Wine: A Great Tool for Running Windows Programs on Linux
On switching over to Linux, many Windows users feel lost because they miss their favourite Windows programs. Wine provides a means of running those every programs on a Linux system. Here’s a tutorial on installing MS Office on Linux using Wine.
One of the main concerns of people who are switching to Linux is how to run the programs in it that they are so used to running in other operating systems, especially Windows. Thankfully, Wine can help in solving this problem. The software that Windows users usually miss the most on Linux is Microsoft Office.
All .exe files can be run on Linux using Wine. Wine is software for UNIX-like systems, including Linux,
OSX and the BSDs. It allows you to run native Windows applications. Wine stands for ‘Wine Is Not an Emulator’. That’s because it isn’t. Wine isn’t a full Windows install or some kind of VM. It is a compatibility layer that essentially translates Windows binaries. This extends to graphics libraries like DirectX 9, which are converted to OpenGL. Wine allows Linux users to run many popular Windows applications and games as if they were running on Windows itself, with a similar performance.
Wine can be tricky though. There are multiple versions of it with different sets of patches and two different current versions. Even when you get past that, different programs require specialised settings, in many cases, and can’t just be run out-of-the-box. However, once you know your way around and have configured a program to run properly through Wine, it will usually run flawlessly, like a native application.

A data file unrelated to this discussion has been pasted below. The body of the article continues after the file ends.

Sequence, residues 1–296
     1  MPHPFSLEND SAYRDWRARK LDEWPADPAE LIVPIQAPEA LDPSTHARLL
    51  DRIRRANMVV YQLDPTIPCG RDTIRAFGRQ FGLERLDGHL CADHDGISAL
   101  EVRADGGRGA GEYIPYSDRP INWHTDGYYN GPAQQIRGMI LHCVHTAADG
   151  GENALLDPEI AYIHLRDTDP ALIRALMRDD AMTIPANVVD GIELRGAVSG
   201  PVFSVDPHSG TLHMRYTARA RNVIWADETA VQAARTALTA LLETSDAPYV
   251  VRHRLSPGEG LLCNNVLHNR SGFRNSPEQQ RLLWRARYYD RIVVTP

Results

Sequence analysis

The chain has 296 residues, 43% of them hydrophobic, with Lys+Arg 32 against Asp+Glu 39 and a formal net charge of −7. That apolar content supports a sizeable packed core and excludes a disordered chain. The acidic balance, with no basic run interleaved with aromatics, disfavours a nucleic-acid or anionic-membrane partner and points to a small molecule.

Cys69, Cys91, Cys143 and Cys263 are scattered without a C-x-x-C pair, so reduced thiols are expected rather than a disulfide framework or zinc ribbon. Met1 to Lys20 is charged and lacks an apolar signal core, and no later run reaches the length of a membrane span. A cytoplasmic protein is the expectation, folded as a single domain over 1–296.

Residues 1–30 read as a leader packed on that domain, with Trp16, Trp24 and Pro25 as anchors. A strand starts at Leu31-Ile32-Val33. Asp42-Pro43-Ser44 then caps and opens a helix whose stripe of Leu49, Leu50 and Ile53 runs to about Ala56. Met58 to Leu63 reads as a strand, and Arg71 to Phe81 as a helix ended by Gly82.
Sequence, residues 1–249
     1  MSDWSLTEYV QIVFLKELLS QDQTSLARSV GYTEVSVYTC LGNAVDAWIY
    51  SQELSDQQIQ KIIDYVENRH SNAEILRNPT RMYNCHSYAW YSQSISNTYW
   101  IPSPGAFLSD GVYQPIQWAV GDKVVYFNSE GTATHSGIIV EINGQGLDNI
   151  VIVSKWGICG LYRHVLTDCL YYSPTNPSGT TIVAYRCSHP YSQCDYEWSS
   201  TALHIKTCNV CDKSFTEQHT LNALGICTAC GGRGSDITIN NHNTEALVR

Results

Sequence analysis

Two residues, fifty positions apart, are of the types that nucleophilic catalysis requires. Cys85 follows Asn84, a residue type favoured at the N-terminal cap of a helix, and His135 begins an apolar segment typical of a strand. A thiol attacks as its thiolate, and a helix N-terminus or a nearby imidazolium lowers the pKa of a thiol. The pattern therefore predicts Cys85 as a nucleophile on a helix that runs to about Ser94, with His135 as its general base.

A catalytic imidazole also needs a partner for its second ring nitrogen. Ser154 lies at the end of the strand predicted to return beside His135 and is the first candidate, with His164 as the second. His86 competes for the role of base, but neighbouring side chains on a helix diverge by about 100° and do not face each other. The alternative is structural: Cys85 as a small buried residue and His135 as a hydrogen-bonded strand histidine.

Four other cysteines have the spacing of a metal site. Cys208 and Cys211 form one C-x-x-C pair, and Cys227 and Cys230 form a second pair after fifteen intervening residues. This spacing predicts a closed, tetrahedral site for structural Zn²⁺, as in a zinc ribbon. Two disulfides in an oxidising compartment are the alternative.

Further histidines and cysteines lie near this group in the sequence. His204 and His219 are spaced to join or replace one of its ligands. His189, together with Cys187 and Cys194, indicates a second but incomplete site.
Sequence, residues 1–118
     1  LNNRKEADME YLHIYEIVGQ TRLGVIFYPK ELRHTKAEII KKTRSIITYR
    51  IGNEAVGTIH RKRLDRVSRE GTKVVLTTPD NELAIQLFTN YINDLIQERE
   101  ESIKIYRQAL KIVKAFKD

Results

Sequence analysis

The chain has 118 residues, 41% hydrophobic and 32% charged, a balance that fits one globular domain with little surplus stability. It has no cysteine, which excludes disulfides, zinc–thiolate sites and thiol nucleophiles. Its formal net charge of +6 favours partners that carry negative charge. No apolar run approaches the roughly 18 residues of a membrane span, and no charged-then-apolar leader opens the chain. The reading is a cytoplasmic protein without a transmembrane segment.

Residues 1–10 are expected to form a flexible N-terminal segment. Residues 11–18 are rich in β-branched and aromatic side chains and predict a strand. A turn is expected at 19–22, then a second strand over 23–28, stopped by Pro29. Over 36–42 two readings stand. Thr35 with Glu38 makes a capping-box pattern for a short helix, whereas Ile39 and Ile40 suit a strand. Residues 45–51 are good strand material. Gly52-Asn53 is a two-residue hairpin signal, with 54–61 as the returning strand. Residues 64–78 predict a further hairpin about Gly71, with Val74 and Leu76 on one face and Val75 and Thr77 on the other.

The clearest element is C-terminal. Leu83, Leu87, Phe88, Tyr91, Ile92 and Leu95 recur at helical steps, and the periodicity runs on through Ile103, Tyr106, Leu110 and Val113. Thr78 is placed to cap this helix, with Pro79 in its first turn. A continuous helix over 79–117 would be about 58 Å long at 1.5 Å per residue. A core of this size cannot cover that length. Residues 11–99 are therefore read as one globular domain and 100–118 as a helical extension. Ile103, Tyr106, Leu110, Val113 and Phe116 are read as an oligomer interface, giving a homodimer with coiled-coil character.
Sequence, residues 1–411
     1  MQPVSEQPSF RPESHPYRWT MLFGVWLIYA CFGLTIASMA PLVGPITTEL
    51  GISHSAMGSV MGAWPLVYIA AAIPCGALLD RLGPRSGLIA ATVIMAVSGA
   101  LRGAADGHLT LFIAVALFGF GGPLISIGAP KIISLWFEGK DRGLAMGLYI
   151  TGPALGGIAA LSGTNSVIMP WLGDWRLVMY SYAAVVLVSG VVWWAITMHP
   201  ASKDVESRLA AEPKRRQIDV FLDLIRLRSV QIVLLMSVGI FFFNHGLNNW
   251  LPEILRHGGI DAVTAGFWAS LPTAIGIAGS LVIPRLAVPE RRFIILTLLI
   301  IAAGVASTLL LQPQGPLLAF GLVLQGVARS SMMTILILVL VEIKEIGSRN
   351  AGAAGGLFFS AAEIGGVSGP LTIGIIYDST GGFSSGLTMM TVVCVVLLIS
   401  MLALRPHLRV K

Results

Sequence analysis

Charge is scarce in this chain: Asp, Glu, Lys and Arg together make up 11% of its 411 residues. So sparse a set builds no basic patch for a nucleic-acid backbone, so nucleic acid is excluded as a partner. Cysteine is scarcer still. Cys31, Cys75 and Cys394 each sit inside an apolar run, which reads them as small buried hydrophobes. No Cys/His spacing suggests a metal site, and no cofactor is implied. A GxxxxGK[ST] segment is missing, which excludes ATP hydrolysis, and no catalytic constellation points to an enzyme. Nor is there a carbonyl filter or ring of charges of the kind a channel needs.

Installing Wine on Linux
Installing Wine on Linux is easy. All you have to do is follow the steps to install Wine on any Ubuntu system, as given below.
Step 1: Open the terminal Ctrl – Alt – T and run the following command, which will install the ppa. You will be asked for your root password also.
sudo add-apt-repository ppa:Ubuntu-wine/ppa
Step 2: Now install Wine by typing the following command. You will notice the screens shown in Figures 1 and 2 during the installation.
sudo apt-get update && sudo apt-get install wine1.7
Step 3: To configure Wine, use the following command: Winecfg
Select the Libraries tab, then scroll down; select the Riched20 library from the list and add it. When done, click ‘OK’.
Now you have successfully installed Wine.
Installing Microsoft Office on Ubuntu
With the help of Wine, it is extremely easy to run any of your favourite Windows software on Ubuntu. Here are some simple steps to follow after installing Wine on Ubuntu, in order to install Microsoft Office.
Step 1: Run the command given below to configure the Windows environment for 32-bit versions of Office.
If you are using a 64-bit system, then just replace ‘32’ with ‘64’ in the command.
Step 2: Run the command given below to enable the settings for Wine:
If you are using a 64-bit system, replace ‘32’ with ‘64’. Step 3: Open the Microsoft Office setup, right-click on Setup.exe and open with Wine.
Step 4: When the installer opens, click ‘Install Now’ to begin the installation. Follow the prompts.
Step 5: When you’re done with installation of Office, restart your computer and open Ubuntu Dash. Search for Microsoft Office to use the suite.
Wine has a number of advantages, some of which are listed below.
1. Wine is better than a VM if you need limited applications. VMs are fine but they may be slower than Wine. VMs need more RAM to run a whole OS, but you can do almost everything in Wine faster than VMs do.
2. You can run almost every .exe file in Ubuntu with some configuration.
3. Wine is a free and open source compatibility layer. 4. It provides a rich software library to developers for running Windows applications.
5. Wine ensures good backward compatibility with legacy Windows applications.
Figure 3: Wine configuration
Figure 2: Wine mono installation
Figure 1: Wine downloading